It’s true. Apparently, the farther they are from the heart of Berlin, the slight chance there is of a tiny moral light breaking through those blackened, cold hearts. Well, that of one man anyway.
In 1942, Werner Hartenstein, in command of U-156, spotted smoke on the horizon, emanating the single smokestack of the Laconia, which he and his crew believed to be an exclusive troop transport to be fired upon. Early evening came, they confirmed it was the Laconia, and they fired their weapons, sinking the ship quickly, with 2,500 people on board rapidly dwindling to a few lifeboats, as well as passengers in the water.
The ship was carrying mostly Italian prisoners of war, kept in the lower hold in filthy conditions, but also passengers, dramatized here by Franka Pontete as Hilda, traveling with a baby named Ella; Lindsay Duncan as Elisabeth Fullwood, a society matron; Jodi Balfour as Sarah Fullwood, her daughter, who we learn got more attention from her nannies than her mother; Ludovico Fremont as Vincenzo Di Giovanni, one of the 1,800 Italian prisoners of war; Brian Cox as Captain Sharp, who doesn’t like the ship’s new purpose; and Andrew Buchan as Junior Third Officer Thomas Mortimer, who leaves behind a wife and two children for this voyage, and is very helpful to Hilda, getting her on board after she’s refused, but not knowing her full story.
The voyage matters little until the tragic end, so we learn little by little about Hilda, about Elisabeth and Sarah, about the friendliness between Hilda and Mortimer, about the conditions in the lower hold where the POWs are. Unlike the Titanic we know, the separate classes absolutely do not mingle. There’s no such romance to be found here, no breaking barriers. The ship’s just sailing from Egypt back to Liverpool, and that’s all there is. The only difference is that it’s during the war, so the waters are potentially more dangerous, as Captain Sharp, Officer Mortimer, and everyone else on board the Laconia quickly finds out.
War clouds everything, including perceptions. We know of the Nazis through those disturbing marches and parades, leading to horrific atrocities that are still haunting today. So it is a shock when, after the Laconia sinks, after Hartenstein realizes the terrific mistake he and his crew have made, he doesn’t gun down the survivors or subjects them to torture or anything else you’d expect a Nazi to do. He has them come on board, and even though some of his crew is uneasy about this prospect, he makes sure they’re taken care of, their injuries looked after, tea and food served, and eventually, a sheet painted with a red cross to indicate U-156 as a ship of mercy, a safe haven.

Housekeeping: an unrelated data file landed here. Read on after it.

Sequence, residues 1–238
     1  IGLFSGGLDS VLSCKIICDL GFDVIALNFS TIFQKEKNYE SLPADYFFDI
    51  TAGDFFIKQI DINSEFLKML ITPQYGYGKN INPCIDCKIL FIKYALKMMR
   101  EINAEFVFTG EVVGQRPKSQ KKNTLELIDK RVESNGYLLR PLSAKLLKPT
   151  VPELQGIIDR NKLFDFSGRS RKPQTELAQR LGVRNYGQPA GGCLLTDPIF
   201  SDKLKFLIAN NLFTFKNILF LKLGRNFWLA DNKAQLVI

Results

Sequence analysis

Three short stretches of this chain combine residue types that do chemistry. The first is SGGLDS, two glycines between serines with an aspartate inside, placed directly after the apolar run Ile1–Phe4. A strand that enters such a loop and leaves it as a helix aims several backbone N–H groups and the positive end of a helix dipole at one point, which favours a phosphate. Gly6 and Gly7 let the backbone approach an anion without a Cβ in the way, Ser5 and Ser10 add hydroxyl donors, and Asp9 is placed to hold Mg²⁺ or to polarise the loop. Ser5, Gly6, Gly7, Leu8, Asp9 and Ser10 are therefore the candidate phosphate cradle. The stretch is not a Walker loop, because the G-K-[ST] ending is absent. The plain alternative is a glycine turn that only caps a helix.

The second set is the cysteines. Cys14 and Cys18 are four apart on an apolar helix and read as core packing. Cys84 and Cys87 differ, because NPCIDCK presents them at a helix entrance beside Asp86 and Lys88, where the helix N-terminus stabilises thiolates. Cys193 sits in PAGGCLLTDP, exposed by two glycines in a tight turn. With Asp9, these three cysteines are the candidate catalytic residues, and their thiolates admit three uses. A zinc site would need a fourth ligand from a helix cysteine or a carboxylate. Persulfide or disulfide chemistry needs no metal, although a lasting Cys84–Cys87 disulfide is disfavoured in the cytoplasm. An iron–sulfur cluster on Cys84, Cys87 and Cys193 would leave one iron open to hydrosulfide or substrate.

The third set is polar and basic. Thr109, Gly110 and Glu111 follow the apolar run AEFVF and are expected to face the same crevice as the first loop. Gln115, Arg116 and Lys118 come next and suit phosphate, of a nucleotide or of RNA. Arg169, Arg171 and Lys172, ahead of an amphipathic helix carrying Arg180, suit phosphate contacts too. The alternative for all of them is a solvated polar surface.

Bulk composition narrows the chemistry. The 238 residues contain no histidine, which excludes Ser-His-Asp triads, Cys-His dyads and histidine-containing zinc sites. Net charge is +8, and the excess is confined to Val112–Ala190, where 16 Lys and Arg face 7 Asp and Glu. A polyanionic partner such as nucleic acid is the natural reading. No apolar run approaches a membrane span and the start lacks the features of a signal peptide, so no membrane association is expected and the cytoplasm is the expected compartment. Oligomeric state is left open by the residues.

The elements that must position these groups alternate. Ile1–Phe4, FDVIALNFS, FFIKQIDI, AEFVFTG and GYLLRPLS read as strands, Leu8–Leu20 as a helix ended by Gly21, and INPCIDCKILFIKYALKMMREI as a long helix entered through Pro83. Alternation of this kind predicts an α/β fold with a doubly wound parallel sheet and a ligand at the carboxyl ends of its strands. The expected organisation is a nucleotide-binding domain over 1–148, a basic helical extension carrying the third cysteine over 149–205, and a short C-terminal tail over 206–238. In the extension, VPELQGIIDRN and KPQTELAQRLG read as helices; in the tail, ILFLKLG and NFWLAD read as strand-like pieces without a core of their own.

The real tension, ably expressed by writer Alan Bleasdale, director Uwe Janson, and all these actors, including others not named, is what happens next. What will the Nazis do? Send as many U-boats available to make this very hard on Hartenstein (Ken Duken), the crew, and the Laconia survivors? In Sierra Leone, Africa, since the U-boat is 600 miles from the coast, the British power there says to his second-in-command that because this is a time of war, there is only one thing for them to do: Nothing. Let the Americans worry about it.
In an unimaginable situation like this, the German and the British on board the U-boat begin to get along, without much notice of their separate stances in this war or that this crew is part of the Nazi Party. It’s not about labels; it’s about being human, being compassionate. Hartenstein is a rare, nearly unblemished name in the history of World War II. At first, it’s impossible to believe that this actually happened. Then it’s easy to see that it did, and to wonder what will become of all these men and women on board this one U-boat, and the international forces at work to try to make sense of this. The mistake made by Julian Fellowes in his Titanic miniseries is the one that Alan Bleasdale has avoided: Until the sinking of the Titanic happened, inasmuch that the ship was celebrated and deemed unsinkable, it was just a voyage for many, to get from one side of the Atlantic to the other. That’s all. Bleasdale understands how momentous this situation was in the history of the war, but plays it straight, lets the drama come from what happened. There is nothing overdramatic, overdone, nothing that makes one wonder if Bleasdale is putting more into this than it’s worth. The story itself is wholly remarkable. Just tell it. That’s exactly what Bleasdale does, what Fellowes could have done successfully if he just played that fateful voyage straight.
Acorn Media’s two-disc DVD release includes the 29-minute featurette “The Sinking of the Laconia: Survivors’ Stories,” which presents insights into the disaster and subsequent surprising rescue from six survivors. Yes, this actually happened. What’s even more amazing than the dramatization are these survivors themselves, the diary kept that tells the time of the sinking, the sharks in the water, what these six went through and how grateful they are that one man decided not to follow the dictates of war and do the right thing. It gives more power to this two-part drama.
I’m not confidently knowledgeable about everything that happened during World War II, so The Sinking of the Laconia is a surprise, and makes me want to dig deeper, to see if there’s any more stories like this, besides the brave figures during the Holocaust. It seems impossible to find the good during a terrible war, but here’s a prime example, which raises faith in humanity. That’s most welcome.